He‘s not entirely a lone operator here. There‘s no accusation that he is a rogue operative here anyway.  He clearly was doing what he thought was the business of this administration, whatever he did. 

Do you have a sense that he knew that he was risking all by blaming the press for telling him about Valerie Wilson when, in fact, he got the information from half a dozen government officials? 

Did he know he was taking this risk?

SAUBER:  In retrospect, it does look incredibly risky and not particularly clever.  But at the time, no one thought there would be a special prosecutor.  Leak investigations are notorious for the inability of the Justice Department to get to the bottom of them.  Who knew? 

MATTHEWS:  I know what we knew.  And let me try this.

You represent Matt Cooper, a good guy, a great journalist. 

Could it be that Scooter Libby just thought, you know, press people keep secrets, they‘re very tough, especially the big-time reporters who cover the White House.  I can say anything about anybody that I told them and they‘ll going to have to basically be quiet about it.

Like Tim Russert, for example, would just have to say, hey I can‘t talk about that conversation.  Judy miller, I can‘t talk about the conversation. 

Your guy, Matt Cooper, I can‘t talk. 

That sense of the press shield being so strong.  Then you can say anything you want about a conversation with a reporter and they‘ll say, I‘m not talking.

SAUBER:  It‘s a good question, but a couple of things. Lewis Libby is a lawyer and he knew, like everyone else, that the Supreme Court has said there‘s no such privilege.

MATTHEWS:  Well, it‘s not on the books, but it‘s been honored. 

SAUBER:  It has been honored more often in the breach than not. 

MATTHEWS:  Really?

SAUBER:  I think so. 

And if I were Scooter Libby and I was on the phone with somebody that I hardly knew, it just seems to me a little risky to entrust my livelihood, my life, my freedom to somebody that I‘ve never met before and hope against hope that regardless of what Pat Fitzgerald is going to do, that person is going to keep secret forever and ever the conversation?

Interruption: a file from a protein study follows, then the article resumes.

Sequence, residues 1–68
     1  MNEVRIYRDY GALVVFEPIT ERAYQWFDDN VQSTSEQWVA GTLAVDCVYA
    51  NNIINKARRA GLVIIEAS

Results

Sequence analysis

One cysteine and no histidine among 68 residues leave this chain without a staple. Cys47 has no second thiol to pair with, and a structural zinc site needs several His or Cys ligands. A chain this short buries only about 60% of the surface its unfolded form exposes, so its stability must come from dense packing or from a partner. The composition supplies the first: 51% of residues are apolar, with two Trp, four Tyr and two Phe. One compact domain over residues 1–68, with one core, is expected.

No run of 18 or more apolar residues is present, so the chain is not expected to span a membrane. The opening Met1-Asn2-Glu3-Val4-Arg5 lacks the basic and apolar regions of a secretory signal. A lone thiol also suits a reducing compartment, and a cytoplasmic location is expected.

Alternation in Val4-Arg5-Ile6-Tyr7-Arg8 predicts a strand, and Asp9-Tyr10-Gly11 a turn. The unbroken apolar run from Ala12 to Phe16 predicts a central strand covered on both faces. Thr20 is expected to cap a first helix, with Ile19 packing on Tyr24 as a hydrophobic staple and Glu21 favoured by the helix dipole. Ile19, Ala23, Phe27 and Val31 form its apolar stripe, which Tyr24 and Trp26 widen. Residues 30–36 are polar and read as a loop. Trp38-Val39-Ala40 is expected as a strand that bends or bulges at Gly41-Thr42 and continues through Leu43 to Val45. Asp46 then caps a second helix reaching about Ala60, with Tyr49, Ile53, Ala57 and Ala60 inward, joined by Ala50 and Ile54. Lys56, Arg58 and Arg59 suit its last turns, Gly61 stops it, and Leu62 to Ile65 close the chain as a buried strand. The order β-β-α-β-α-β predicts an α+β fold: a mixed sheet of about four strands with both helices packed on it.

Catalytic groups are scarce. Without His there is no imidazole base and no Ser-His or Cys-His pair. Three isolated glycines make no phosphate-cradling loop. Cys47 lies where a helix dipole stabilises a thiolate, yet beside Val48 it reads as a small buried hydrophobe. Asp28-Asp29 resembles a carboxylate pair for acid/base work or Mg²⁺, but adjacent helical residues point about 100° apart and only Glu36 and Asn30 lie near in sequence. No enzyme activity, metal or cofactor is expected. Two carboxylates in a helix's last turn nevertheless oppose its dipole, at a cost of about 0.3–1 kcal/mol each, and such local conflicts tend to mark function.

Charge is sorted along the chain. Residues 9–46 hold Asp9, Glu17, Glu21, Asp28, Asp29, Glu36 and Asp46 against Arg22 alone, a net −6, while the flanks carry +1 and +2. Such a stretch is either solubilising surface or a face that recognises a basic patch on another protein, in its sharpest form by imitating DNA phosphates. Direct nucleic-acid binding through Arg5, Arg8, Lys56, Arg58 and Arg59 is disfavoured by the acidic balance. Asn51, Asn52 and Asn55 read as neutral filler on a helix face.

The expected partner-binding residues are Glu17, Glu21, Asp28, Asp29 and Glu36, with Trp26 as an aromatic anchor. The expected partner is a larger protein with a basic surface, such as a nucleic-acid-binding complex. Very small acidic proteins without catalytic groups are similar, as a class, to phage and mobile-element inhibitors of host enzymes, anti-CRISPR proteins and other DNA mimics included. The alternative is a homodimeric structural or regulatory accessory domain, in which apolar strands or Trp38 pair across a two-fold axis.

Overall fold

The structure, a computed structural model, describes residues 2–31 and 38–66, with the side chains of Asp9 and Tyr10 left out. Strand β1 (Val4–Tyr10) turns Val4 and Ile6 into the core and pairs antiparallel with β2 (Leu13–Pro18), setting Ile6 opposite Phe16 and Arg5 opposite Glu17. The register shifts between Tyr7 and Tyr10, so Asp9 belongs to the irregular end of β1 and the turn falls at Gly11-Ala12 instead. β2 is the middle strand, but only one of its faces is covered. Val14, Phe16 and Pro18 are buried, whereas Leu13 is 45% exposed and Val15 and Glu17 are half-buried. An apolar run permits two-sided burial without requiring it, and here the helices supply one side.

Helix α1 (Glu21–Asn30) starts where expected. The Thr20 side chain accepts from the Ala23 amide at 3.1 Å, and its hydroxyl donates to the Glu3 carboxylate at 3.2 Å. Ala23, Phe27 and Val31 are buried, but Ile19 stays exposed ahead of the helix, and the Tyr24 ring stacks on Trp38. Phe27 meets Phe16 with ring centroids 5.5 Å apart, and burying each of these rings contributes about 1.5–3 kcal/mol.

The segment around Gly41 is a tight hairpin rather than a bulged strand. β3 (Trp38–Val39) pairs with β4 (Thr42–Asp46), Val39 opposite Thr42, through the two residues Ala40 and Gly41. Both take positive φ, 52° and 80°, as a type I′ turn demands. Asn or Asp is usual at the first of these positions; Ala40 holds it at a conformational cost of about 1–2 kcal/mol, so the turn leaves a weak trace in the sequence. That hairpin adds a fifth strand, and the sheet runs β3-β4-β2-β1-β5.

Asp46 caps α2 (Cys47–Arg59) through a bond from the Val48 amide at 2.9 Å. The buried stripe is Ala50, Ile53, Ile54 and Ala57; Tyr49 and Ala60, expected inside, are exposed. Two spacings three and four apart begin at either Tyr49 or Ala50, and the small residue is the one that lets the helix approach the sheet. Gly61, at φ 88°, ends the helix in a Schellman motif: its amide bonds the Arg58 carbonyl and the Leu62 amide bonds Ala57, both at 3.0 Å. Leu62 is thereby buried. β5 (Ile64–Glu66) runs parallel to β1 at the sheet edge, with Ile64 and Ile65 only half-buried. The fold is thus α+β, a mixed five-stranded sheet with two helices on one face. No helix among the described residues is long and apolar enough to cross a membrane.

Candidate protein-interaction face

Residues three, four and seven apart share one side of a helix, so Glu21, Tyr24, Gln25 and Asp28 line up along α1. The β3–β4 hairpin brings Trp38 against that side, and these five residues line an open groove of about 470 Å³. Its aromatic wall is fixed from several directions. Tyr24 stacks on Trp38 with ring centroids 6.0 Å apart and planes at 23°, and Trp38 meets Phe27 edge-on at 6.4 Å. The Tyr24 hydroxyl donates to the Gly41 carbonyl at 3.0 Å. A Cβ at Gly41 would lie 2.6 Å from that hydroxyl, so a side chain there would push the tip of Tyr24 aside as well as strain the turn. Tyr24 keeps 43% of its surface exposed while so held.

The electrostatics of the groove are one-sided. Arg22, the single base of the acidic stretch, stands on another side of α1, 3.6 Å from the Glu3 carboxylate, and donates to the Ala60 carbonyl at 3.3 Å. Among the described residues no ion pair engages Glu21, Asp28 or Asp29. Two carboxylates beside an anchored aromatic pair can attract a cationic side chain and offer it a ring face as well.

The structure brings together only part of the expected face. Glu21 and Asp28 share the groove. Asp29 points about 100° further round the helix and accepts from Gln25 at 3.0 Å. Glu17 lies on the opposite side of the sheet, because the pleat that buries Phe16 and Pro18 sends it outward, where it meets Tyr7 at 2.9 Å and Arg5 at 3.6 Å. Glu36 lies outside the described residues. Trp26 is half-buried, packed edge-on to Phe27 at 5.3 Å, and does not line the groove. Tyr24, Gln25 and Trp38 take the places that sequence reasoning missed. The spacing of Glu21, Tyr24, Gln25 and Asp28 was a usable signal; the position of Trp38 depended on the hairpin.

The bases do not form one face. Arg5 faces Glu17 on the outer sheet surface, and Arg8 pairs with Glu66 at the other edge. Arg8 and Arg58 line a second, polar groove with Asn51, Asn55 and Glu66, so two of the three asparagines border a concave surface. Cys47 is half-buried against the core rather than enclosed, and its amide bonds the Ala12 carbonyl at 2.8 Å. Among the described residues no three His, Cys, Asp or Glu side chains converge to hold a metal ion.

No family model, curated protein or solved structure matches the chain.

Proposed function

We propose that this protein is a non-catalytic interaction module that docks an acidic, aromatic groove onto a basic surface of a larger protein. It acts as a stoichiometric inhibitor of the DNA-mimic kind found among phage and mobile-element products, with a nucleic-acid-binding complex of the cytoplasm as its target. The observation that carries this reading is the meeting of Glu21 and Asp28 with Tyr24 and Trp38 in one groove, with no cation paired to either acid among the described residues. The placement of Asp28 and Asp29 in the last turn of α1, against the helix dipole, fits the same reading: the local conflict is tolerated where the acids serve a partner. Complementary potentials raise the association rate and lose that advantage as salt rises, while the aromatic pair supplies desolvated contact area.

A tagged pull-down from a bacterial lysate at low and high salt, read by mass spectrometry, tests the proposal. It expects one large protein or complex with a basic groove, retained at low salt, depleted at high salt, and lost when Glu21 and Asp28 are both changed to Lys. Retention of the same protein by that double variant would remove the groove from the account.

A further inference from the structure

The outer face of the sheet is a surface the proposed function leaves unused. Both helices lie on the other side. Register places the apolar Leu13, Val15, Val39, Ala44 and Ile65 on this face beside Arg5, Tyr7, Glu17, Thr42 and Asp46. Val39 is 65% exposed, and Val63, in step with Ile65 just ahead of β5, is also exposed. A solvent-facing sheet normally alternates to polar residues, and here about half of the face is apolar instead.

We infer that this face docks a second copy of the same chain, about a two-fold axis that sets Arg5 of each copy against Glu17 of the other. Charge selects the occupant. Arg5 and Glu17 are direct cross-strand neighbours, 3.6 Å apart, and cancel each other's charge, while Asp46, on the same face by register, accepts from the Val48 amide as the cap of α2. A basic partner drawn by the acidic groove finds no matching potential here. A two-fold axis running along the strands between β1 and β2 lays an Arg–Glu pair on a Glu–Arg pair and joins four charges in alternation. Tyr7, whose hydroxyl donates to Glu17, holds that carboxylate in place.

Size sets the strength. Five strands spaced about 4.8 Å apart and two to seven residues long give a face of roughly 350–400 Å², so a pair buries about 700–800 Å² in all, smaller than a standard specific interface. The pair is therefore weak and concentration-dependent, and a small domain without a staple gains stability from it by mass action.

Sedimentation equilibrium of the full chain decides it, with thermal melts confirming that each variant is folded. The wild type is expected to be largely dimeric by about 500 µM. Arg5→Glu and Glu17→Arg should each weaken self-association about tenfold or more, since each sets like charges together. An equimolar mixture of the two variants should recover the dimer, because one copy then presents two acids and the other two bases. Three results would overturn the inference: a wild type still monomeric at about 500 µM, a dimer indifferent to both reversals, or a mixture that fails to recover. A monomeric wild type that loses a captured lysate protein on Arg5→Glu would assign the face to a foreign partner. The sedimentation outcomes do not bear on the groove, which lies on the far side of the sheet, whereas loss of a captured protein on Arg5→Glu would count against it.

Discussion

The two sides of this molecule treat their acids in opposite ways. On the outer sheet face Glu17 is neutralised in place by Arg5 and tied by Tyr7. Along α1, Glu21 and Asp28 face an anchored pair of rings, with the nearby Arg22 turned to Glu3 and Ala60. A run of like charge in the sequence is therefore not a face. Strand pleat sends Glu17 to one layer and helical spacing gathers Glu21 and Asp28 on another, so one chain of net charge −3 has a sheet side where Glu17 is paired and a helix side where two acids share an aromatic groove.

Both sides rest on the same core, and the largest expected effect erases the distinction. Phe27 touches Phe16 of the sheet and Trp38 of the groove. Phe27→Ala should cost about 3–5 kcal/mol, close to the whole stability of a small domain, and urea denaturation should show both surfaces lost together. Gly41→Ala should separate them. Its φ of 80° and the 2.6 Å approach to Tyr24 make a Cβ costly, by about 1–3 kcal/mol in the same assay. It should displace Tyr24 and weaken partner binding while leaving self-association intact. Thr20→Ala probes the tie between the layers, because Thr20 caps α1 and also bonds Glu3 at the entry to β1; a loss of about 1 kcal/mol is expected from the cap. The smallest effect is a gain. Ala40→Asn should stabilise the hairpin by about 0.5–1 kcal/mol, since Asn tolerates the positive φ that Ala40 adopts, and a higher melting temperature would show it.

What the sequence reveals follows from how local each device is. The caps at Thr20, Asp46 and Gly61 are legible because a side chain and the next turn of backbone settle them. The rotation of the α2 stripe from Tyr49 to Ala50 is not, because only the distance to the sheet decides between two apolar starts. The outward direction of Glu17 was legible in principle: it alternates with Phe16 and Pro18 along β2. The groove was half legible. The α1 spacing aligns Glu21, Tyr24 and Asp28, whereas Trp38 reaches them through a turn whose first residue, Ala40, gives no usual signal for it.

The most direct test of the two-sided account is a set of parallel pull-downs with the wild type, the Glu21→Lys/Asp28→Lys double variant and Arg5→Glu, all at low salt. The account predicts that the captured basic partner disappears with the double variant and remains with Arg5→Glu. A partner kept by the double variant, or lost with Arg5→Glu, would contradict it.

And now he‘s going to have to go into the witness box and do battle with a reporter like Tim, and they‘re going to be battling over what the conversation was. 

That‘s going to be pretty interesting courtroom drama, right? 

SAUBER:  It‘s going to be very interesting. 

But I think Michael Isikoff made the point that the key witnesses in this case are going to be the three reporters with whom Mr. Libby apparently spoke. 

MATTHEWS:  This case—do you have a sense—we were all watching it, I was watching it in real time like you were all day today.  Did you—maybe you‘ve gotten good at reading Fitzgerald. 

Is this over for Karl Rove?  Is he basically in the clear here? 

SAUBER:  Well...

MATTHEWS:  A couple of people think he is. 


That‘s a fair question. 

The one thing I‘ve learned in dealing with Mr. Fitzgerald is that he tells you what he wants you to know and he‘s straightforward about it. 

So if the case was over, he would have said, the case is over.  And if the case isn‘t over, he wouldn‘t have said it. 

So the only thing I‘ve learned in dealing with Mr. Fitzgerald is he‘s very upfront and very straightforward, and I have to take him at his word.